Romaji: Jibun no Koto Bakaride Nasakenaku Naru Yo
Running Time: 106 mins.
Release Date: October 26th, 2013
Director: Daigo Matsui
Writer: Daigo Matsui (Screenplay), Sekaikan Ozaki (Original Work)
Starring: Maho Yamada, Sei Ando, Shunsuke Daito, Mei Kurokawa, Sekaikan Ozaki, Sosuke Ikematsu, Kaonashi Hasegawa, Taku Koizumu, Yukiji Ogawa,
How Selfish I Am is an episodic musical drama exploring the loves and travails of a group of people in Tokyo, all of whom are connected together by the music of the rock group CreepHyp. A glib comparison might be Short Cuts by Raymond Carver/Robert Altman on a smaller scale with a post-rock soundtrack but just as much darkness and more visual and aural dazzle.
The film is the culmination of a long collaboration between filmmaker Daigo Matsui and the band CreepHyp, this is the final result of a series music videos made over the last few years¹ based on a story originally conceived by CreepHyp’s frontman, Sekaikan Ozaki. The episodic nature of the original music videos is carried over to a feature film format and expanded upon as it draws everything together into a final product which acts a musical showcase for the band, a creative director, and a strong ensemble cast.
The film is told over the course of a few years and from multiple perspectives split between two girls and two guys, all of whom are scudding along the bottom of the Tokyo social scene.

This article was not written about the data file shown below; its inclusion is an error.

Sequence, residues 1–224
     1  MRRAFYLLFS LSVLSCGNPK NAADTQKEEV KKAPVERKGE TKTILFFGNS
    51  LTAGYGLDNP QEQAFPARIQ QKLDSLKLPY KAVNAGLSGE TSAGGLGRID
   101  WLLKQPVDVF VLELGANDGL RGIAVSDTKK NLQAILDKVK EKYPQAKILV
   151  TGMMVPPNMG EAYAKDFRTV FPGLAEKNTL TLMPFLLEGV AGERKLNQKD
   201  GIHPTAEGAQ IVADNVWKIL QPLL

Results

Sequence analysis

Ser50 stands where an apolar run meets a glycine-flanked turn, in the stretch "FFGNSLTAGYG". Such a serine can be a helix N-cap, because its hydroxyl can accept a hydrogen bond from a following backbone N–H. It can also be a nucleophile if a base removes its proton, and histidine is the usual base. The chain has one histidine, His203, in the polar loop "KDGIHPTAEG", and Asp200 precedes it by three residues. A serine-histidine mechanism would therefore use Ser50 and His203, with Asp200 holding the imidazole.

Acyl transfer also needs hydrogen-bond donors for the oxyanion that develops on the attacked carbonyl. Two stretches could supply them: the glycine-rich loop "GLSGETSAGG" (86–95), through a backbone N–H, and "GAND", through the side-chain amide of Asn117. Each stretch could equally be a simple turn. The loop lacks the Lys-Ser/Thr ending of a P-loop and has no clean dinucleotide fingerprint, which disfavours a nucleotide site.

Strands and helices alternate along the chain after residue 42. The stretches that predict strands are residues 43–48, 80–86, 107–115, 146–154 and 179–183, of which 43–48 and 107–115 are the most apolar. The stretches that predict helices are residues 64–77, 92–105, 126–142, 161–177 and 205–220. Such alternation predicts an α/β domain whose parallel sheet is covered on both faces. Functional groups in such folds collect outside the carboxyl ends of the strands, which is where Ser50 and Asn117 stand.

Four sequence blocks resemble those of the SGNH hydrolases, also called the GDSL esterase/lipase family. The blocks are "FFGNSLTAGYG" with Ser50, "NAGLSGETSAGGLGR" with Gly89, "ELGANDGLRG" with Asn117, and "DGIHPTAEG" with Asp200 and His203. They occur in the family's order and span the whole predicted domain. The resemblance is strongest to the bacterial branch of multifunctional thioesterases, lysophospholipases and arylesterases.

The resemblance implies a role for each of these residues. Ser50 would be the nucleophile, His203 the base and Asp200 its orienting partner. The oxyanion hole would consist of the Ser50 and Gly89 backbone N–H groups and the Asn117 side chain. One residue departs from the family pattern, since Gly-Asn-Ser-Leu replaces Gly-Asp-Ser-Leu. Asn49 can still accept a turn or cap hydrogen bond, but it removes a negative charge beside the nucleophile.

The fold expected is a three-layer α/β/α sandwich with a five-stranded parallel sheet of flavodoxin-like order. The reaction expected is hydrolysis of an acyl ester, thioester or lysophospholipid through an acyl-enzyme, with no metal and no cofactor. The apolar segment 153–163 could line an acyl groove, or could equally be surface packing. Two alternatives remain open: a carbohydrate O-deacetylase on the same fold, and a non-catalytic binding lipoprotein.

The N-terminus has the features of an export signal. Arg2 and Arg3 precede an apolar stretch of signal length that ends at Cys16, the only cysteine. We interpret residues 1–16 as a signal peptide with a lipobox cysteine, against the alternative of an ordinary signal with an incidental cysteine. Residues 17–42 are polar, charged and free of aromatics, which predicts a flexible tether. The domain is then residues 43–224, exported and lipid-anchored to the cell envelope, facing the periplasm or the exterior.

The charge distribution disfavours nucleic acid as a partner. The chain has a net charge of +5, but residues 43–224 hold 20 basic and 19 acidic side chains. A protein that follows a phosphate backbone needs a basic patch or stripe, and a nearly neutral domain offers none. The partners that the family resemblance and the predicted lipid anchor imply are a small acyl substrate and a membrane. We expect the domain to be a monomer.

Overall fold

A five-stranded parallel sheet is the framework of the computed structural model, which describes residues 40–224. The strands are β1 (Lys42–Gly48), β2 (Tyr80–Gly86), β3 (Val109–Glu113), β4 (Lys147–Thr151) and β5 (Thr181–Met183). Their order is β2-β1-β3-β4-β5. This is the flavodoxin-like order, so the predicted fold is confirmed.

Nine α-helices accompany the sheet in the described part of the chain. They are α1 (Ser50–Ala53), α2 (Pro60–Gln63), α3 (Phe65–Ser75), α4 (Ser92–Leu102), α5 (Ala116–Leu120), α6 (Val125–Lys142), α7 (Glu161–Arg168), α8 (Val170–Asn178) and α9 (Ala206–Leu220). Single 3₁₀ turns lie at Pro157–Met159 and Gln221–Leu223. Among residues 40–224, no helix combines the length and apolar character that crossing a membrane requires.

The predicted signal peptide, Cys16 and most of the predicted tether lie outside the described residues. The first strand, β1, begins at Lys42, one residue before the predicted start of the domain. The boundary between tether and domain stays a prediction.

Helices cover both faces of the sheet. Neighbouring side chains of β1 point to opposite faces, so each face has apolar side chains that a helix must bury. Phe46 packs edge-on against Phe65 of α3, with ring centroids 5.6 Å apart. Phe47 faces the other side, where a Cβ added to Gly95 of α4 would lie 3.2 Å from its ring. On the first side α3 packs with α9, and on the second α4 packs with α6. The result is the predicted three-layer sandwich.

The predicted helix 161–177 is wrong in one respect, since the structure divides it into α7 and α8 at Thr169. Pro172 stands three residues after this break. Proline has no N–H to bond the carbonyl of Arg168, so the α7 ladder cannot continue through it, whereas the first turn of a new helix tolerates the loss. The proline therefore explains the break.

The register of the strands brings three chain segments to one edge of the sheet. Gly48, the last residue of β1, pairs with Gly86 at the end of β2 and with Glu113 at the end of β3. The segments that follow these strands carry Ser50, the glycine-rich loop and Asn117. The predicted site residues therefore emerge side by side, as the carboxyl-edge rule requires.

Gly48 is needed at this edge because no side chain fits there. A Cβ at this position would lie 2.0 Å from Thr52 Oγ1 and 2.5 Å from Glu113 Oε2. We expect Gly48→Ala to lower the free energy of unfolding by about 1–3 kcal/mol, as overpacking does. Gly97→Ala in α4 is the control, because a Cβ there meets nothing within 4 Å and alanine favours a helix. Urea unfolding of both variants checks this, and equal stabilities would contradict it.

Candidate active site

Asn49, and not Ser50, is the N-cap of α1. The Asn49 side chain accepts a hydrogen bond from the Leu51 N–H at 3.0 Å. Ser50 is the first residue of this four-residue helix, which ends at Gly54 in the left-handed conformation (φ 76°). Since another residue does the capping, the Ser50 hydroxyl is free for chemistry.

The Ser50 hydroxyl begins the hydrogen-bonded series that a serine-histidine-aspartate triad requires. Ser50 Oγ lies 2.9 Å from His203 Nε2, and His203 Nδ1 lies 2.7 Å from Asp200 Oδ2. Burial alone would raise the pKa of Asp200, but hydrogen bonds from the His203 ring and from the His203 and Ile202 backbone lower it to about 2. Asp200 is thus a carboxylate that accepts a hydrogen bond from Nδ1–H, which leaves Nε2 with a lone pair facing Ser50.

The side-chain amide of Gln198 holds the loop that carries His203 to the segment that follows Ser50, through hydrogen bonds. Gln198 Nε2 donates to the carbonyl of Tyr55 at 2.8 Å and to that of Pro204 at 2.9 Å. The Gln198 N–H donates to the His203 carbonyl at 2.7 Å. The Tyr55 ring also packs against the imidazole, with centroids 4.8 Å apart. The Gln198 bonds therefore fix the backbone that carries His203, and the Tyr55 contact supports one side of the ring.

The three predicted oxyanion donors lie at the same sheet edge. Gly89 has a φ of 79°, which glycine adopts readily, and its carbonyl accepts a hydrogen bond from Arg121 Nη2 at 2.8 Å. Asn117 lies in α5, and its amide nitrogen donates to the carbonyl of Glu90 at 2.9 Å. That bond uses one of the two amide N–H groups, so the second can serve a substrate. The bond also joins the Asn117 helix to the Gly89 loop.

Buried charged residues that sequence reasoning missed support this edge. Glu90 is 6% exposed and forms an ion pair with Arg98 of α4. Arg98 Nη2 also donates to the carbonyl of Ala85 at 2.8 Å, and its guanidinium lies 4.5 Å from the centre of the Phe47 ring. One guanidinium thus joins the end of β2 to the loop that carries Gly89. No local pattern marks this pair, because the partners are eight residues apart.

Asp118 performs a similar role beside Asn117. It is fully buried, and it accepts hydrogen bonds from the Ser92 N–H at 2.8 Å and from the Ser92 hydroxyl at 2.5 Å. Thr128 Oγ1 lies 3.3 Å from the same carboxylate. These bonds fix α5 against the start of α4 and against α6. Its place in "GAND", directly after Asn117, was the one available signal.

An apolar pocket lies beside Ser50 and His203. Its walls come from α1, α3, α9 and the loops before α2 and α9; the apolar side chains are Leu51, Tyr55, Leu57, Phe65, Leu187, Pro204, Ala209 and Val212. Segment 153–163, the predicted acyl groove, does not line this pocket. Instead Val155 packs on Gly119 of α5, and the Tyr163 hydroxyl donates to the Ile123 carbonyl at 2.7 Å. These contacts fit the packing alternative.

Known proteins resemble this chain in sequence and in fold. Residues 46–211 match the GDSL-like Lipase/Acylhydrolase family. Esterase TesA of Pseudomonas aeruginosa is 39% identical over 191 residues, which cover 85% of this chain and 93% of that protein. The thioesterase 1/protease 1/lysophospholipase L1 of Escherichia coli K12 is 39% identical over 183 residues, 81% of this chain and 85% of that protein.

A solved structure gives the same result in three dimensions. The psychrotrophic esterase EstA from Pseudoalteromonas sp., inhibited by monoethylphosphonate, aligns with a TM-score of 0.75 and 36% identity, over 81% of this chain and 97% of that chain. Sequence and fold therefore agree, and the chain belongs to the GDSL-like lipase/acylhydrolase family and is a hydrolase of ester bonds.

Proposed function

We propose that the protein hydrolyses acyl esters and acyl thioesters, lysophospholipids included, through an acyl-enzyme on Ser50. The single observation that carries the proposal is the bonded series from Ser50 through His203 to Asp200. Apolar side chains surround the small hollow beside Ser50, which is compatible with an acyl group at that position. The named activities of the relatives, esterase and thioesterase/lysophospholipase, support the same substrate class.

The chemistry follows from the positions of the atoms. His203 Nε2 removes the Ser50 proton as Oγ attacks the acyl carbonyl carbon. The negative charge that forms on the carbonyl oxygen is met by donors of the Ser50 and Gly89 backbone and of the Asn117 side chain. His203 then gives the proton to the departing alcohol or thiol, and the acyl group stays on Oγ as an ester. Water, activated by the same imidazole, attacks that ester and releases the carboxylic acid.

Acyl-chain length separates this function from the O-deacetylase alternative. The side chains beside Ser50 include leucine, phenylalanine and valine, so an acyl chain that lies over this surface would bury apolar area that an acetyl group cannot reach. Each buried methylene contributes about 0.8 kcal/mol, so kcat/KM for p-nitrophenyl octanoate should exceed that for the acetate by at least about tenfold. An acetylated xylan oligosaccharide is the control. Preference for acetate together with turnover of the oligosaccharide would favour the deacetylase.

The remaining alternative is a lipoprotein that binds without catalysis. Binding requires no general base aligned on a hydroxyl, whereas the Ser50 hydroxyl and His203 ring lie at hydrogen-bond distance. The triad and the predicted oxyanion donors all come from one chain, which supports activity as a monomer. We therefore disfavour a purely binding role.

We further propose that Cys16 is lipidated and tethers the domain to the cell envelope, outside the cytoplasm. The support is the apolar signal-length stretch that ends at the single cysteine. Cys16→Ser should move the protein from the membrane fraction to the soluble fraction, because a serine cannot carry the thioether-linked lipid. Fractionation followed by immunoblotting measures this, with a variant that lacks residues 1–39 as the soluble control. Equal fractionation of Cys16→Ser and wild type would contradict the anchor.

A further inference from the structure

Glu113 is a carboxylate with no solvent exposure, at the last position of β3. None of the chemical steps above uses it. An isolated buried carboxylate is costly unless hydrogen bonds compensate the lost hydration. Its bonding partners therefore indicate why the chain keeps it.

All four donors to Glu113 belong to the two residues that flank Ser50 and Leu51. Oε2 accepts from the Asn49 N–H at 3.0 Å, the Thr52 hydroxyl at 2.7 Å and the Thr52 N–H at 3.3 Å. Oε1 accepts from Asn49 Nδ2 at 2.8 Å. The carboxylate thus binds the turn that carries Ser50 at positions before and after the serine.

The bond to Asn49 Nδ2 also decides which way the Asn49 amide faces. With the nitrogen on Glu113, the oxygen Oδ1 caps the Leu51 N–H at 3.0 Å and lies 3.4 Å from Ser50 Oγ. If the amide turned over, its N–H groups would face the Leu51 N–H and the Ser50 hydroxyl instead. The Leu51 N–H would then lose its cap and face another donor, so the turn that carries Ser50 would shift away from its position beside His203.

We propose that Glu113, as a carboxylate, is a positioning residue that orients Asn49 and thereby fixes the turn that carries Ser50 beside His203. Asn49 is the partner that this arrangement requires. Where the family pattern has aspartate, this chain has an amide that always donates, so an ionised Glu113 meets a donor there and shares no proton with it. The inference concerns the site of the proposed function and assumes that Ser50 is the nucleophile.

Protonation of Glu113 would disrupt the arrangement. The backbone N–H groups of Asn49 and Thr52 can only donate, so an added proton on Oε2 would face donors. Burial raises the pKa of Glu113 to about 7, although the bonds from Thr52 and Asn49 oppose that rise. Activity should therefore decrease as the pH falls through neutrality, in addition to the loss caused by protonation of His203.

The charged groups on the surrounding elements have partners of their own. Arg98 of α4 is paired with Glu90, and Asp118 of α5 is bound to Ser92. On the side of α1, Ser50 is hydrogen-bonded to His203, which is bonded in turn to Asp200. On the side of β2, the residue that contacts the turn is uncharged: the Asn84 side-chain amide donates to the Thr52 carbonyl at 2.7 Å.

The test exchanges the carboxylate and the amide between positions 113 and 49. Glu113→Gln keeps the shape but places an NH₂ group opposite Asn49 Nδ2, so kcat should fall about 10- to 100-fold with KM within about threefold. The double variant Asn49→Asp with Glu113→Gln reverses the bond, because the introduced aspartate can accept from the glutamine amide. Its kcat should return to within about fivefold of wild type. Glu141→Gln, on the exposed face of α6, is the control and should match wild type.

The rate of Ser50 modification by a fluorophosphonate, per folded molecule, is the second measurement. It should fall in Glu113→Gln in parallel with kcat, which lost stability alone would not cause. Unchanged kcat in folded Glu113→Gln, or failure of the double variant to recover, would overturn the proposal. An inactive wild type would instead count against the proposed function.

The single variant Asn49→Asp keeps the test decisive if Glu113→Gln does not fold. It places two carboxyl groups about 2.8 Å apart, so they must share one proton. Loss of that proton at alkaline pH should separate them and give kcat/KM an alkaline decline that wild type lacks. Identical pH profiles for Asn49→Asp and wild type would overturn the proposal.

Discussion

We start off with Kumiko (Ando), a lonely girl working at a cosplay bar/brothel who pines after her ex-boyfriend (Onoue).
Kumiko is followed by Mie (Yamada), a mousy, introverted and put-upon office lady who adores CreeHyp, and has a Twitter addiction (@mieephyp0819 – yes, I write down Twitter handles in films) and a ticket to CreepHyp’s concert which she may miss because of problems at work.
Tsuda (Daito), the guy collecting tickets at the concert, is undergoing something of a meltdown as his beloved pop idol is about to retire.
The final, and longest sequence, involves a young homeless man named Rikuo (Ikematsu) who lives in two vans with a young woman (Kurokawa) who, due to a trauma in her past that has damaged her, refuses to speak.
The four stories weave together to create a sometimes funny but mostly tragic series of tales demonstrating the bleaker side of the Tokyo dream, all loneliness, frustration and desperation.